There are some of the most heinous scenes in this. It wasn’t as bad as the “Snowtown Murders” but pretty close. Once threat scene is probably the most intense I’ve ever seen. Richard threatens Sonny, one of the perpetrators. The movie has some great scenes and that one is one of the best in my opinion. I pulled one star off because there could have been more character development and the time jumping around was a bit confusing for me. Other than that, this is among the best revenge films I’ve seen. I recommend it.
R | 2h 15min | Drama, Horror | 8 September 2017 (USA)
A group of bullied kids band together when a monster, taking the appearance of a clown, begins hunting children.
Director: Andy Muschietti
Writers: Chase Palmer (screenplay), Cary Fukunaga (screenplay) | 2 more credits »
Stars: Bill Skarsgård, Jaeden Lieberher, Finn Wolfhard
The director is Andy Muschietti. I did enjoy his work on Mama. Unfortunately, it wasn’t enough to catapult his name out of obscurity. Now, he has done it with his adaptation of It. There are excellent directing choices at every turn. He had a big job on his hands, selling this Stephen King novel to a new generation. Too much horror and you disrespect them, too much camaraderie coming of age and you bore them. I did miss the spiders. They could have done more with the way the fear manifests.
Bill Skarsgård portrayed a great It. He was scary and unyielding to the bitter end. The rest of the actors were top notch as well. They worked together to tell this story which is about 1/3 a “buddy” coming-of-age film and 2/3 horror and thriller. I think making that part a priority is what made this film so successful. It’s doing unbelievably well at the box office and it deserves as much. Too bad its over the ratings edge as an R film. I think kids 10-17 would enjoy this just as much. There are also some great lessons about love and living with respect toward others. Apparently, they are planning a chapter 2 as well at some point. I’ll hope to catch it.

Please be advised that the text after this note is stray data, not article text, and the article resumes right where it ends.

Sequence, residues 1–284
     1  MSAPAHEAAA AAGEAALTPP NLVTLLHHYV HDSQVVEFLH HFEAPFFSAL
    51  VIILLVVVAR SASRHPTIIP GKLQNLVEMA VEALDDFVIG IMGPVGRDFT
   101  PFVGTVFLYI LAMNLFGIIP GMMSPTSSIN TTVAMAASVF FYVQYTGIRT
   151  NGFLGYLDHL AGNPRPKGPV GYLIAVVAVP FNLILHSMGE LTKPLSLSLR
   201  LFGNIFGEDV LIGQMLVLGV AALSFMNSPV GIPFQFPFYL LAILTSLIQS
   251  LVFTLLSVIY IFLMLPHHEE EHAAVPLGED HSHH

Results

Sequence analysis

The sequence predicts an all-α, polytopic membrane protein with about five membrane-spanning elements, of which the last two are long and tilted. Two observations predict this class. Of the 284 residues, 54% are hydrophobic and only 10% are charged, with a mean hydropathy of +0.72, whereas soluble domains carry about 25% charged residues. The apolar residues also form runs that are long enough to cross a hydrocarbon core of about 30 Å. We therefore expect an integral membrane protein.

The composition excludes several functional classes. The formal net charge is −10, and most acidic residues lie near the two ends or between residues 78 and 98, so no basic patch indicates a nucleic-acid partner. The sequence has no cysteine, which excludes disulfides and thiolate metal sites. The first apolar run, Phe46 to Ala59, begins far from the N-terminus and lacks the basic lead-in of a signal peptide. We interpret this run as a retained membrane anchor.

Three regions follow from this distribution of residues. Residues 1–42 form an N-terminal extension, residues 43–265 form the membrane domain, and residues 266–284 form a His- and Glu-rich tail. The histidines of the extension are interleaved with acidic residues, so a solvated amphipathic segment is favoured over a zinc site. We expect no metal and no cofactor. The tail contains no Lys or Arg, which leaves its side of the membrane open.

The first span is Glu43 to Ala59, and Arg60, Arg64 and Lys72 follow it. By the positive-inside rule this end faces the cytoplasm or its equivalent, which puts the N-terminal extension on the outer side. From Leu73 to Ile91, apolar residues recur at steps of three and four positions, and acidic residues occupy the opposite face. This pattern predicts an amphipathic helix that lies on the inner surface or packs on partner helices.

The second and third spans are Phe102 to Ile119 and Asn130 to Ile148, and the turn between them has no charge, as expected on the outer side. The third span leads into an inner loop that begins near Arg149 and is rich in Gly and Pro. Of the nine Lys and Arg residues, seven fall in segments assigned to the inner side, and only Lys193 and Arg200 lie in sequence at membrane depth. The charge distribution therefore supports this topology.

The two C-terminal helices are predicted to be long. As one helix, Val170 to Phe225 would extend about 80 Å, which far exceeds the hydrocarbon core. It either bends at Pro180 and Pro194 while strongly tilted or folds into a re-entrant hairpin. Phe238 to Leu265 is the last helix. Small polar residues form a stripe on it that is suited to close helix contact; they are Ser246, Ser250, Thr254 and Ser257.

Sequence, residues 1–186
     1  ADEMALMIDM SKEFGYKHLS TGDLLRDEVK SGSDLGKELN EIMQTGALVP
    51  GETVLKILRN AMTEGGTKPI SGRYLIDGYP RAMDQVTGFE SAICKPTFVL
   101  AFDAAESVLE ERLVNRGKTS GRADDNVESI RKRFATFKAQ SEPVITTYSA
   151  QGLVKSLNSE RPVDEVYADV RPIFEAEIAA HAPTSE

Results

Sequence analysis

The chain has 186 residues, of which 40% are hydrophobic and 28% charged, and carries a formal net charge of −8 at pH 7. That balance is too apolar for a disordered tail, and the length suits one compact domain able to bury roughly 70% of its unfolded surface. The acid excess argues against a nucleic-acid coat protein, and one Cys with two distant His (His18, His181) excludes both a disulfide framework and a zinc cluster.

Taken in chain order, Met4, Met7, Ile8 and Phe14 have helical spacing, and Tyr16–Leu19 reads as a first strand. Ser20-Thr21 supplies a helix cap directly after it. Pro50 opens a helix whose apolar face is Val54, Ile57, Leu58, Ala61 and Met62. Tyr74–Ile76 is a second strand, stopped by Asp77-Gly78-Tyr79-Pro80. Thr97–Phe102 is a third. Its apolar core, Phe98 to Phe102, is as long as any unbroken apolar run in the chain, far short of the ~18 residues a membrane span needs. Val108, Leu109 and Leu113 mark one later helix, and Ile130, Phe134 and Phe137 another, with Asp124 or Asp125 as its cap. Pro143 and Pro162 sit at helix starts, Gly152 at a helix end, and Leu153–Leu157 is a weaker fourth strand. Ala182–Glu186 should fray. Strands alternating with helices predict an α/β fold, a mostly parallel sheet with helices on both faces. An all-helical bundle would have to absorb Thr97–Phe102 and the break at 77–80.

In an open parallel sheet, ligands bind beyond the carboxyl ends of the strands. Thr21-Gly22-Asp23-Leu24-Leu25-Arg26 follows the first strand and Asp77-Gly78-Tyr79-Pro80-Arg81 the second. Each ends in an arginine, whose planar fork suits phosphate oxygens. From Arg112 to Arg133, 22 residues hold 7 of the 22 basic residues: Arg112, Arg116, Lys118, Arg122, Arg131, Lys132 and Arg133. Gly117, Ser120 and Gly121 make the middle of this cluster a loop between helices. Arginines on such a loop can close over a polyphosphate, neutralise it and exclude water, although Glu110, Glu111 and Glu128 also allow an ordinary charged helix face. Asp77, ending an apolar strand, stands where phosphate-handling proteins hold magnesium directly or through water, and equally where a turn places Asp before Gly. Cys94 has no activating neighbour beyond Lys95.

Home Again (2017)
PG-13 | 1h 37min | Comedy, Drama, Romance | 8 September 2017 (USA)
Life for a single mom in Los Angeles takes an unexpected turn when she allows three young guys to move in with her.
Director: Hallie Meyers-Shyer
Writer: Hallie Meyers-Shyer
Stars: Nat Wolff, Reese Witherspoon, Lake Bell